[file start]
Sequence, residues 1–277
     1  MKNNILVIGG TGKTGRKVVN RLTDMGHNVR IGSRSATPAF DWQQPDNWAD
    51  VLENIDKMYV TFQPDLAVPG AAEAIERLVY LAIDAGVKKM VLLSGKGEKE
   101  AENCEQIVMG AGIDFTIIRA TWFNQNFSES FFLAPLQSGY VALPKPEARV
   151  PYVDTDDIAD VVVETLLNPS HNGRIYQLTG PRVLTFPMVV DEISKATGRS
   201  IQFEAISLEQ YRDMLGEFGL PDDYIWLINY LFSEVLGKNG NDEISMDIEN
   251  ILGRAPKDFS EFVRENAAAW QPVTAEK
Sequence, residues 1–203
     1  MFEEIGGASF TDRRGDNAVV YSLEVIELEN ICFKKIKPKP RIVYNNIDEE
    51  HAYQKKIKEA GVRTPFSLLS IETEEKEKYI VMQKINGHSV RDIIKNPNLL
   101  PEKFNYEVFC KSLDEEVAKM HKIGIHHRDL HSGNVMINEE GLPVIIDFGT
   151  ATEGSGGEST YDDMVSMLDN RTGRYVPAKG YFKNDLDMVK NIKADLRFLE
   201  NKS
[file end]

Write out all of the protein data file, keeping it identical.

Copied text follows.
Sequence, residues 1–277
     1  MKNNILVIGG TGKTGRKVVN RLTDMGHNVR IGSRSATPAF DWQQPDNWAD
    51  VLENIDKMYV TFQPDLAVPG AAEAIERLVY LAIDAGVKKM VLLSGKGEKE
   101  AENCEQIVMG AGIDFTIIRA TWFNQNFSES FFLAPLQSGY VALPKPEARV
   151  PYVDTDDIAD VVVETLLNPS HNGRIYQLTG PRVLTFPMVV DEISKATGRS
   201  IQFEAISLEQ YRDMLGEFGL PDDYIWLINY LFSEVLGKNG NDEISMDIEN
   251  ILGRAPKDFS EFVRENAAAW QPVTAEK
Sequence, residues 1–203
     1  MFEEIGGASF TDRRGDNAVV YSLEVIELEN ICFKKIKPKP RIVYNNIDEE
    51  HAYQKKIKEA GVRTPFSLLS IETEEKEKYI VMQKINGHSV RDIIKNPNLL
   101  PEKFNYEVFC KSLDEEVAKM HKIGIHHRDL HSGNVMINEE GLPVIIDFGT
   151  ATEGSGGEST YDDMVSMLDN RTGRYVPAKG YFKNDLDMVK NIKADLRFLE
   201  NKS